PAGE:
SCOTT AFB, Ill. --- For the first time, Air Mobility Command Airmen conducted a commercial beyond line of sight (BLOS) communication and tactical data link experiment to update a mixed formation en-route to a simulated threat area during the U.S. Air Force Weapons School Joint Forcible Entry training scenario held outside of Nellis Air Force Base, Nevada, on June 6, 2020.
After departing from various locations, 16 AMC C-17 Globemaster III’s from Joint Base Lewis-McChord and Joint Base Charleston and 19 C-130J Hercules’ from Little Rock Air Force Base, Dyess AFB and Altus AFB joined in formation to execute the training.
This experiment was in support of Air Force and AMC efforts to command, control and connect the Joint Force in future conflicts. AMC is conducting training and experiments to better integrate with plans to develop the Advanced Battle Management System (ABMS), the long-term plan to connect the Joint warfighter through a networked, secure, rapid, artificial intelligence enabled system. ABMS is the Air Force’s initiative in a larger, Joint concept of commanding, controlling, and connecting forces and operations called Joint All-Domain Command and Control (JADC2).
“Where there’s a tanker, there’s a fighter, and nothing moves without a gray tail or a Civil Reserve Air Fleet asset,” said Gen. Maryanne Miller, Commander of Air Mobility Command. “So we have to be connected into the network, so we can be that link, that sensor, and that JADC2 node.”
Robust JADC2 allows the commander to direct operations to “move at the speed of war” as described in the AMC Vision. AMC and the Air Force are employing new concepts and technology to network friendly forces, accelerate operations, and overwhelm adversaries with simultaneous challenges from every domain.
The training included an AMC-led tactical data link experiment intended to increase aircrew situational awareness of the threat environment before and during the mission. New computers aboard two C-17s enabled high-speed data transfer via commercial satellites to the entire formation. The commercial satellite link and new computers enabled BLOS, to build aircrew situational awareness hours before they reached the simulated threat environment.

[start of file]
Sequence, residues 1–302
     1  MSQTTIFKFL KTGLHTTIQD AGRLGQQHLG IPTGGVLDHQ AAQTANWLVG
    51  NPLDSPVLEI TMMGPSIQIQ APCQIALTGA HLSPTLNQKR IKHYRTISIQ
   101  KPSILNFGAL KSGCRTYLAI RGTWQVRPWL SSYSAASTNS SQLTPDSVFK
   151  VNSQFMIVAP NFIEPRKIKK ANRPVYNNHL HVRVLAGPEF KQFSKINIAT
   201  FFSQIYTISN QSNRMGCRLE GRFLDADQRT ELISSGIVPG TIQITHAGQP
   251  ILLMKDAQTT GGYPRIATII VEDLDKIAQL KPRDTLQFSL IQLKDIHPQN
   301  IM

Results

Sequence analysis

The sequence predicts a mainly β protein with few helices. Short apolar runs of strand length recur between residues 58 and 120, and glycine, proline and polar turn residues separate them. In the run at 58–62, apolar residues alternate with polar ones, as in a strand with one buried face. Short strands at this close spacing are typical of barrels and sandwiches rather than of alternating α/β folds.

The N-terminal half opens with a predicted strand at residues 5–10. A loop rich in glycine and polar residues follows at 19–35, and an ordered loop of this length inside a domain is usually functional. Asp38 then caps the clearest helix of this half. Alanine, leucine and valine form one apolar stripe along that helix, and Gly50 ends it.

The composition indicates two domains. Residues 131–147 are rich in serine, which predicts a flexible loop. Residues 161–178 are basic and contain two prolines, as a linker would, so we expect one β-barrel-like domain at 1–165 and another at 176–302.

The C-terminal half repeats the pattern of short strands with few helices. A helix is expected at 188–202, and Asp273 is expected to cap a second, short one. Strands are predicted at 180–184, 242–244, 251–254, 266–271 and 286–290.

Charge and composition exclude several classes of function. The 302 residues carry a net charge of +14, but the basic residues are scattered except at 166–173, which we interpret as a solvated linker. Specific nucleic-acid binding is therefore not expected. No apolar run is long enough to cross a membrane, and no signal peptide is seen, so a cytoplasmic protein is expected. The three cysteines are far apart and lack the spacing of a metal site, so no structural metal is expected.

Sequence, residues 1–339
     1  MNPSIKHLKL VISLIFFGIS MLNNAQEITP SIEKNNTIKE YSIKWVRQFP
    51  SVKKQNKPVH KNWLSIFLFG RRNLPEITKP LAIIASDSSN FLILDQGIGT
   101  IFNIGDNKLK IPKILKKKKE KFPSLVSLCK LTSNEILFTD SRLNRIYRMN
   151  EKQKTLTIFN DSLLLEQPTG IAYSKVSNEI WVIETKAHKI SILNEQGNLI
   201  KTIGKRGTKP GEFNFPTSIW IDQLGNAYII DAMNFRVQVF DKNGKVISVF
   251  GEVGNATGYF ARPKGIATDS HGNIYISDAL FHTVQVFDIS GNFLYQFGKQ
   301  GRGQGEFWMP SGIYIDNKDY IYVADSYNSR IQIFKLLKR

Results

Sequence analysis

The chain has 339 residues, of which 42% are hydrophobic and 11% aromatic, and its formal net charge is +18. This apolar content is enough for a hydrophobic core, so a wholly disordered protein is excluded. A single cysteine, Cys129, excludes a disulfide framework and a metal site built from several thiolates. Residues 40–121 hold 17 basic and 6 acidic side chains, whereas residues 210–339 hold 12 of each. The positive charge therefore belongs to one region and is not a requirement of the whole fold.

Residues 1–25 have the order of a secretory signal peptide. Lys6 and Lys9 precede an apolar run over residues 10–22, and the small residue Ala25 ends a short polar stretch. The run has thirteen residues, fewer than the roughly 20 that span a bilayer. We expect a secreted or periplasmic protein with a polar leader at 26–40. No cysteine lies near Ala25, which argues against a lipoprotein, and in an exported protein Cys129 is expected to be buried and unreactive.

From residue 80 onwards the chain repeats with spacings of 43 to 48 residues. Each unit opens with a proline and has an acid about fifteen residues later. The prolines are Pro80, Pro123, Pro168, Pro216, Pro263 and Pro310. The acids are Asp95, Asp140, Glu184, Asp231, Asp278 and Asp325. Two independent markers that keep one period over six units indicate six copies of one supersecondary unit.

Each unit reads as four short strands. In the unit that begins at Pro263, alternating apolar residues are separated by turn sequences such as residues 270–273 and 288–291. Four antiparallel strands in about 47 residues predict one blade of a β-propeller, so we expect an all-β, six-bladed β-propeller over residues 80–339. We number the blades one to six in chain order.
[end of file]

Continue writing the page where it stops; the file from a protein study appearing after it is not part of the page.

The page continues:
“Right now, the C-17 offers very limited imagery of the battle air space pilots enter,” said Maj. Tyler Boyd, 62nd Operations Support Squadron director of wing tactics. “DRC gives them a live picture and connection to what’s going on so they can see where everybody else is, including threats and friendlies, and have better situational awareness overall.”
The commercial satellite link and new computers dramatically increase connection speeds and refresh speeds, providing much more up-to-date information about the threat environment. Also, the network bandwidth will allow multiple users to connect, whereas the current capability becomes dramatically slower as users join the network.
“The experiment was a success, although in the strictest sense, we didn’t do any sensing, translating or managing of effects during the experiment,” said Lt. Col. Bradley Rueter, AMC Capability Development branch chief. “What we did do, was experiment with ways of sharing the data and understanding to test out a few hypotheses specific to MAF [Mobility Air Forces] employment in contested environments, where the adversary is trying to deny us access through a myriad of options.”
Rueter added that the Office of the Assistant Secretary of the Air Force for Acquisition, Technology and Logistics has a plan in place to have the ABMS on-ramp every four months to continue the experiment. Additionally, AMC has a plan to use every opportunity presented to continue experimenting with the ABMS.
“AMC is an active participant in the ABMS on-ramps, and is also conducting independent, closely-related experiments and training like last weekend’s to build capability so we can more meaningfully participate in future on-ramps and demonstrate AMC’s role in future conflicts and in connecting the Joint Force,” Rueter said.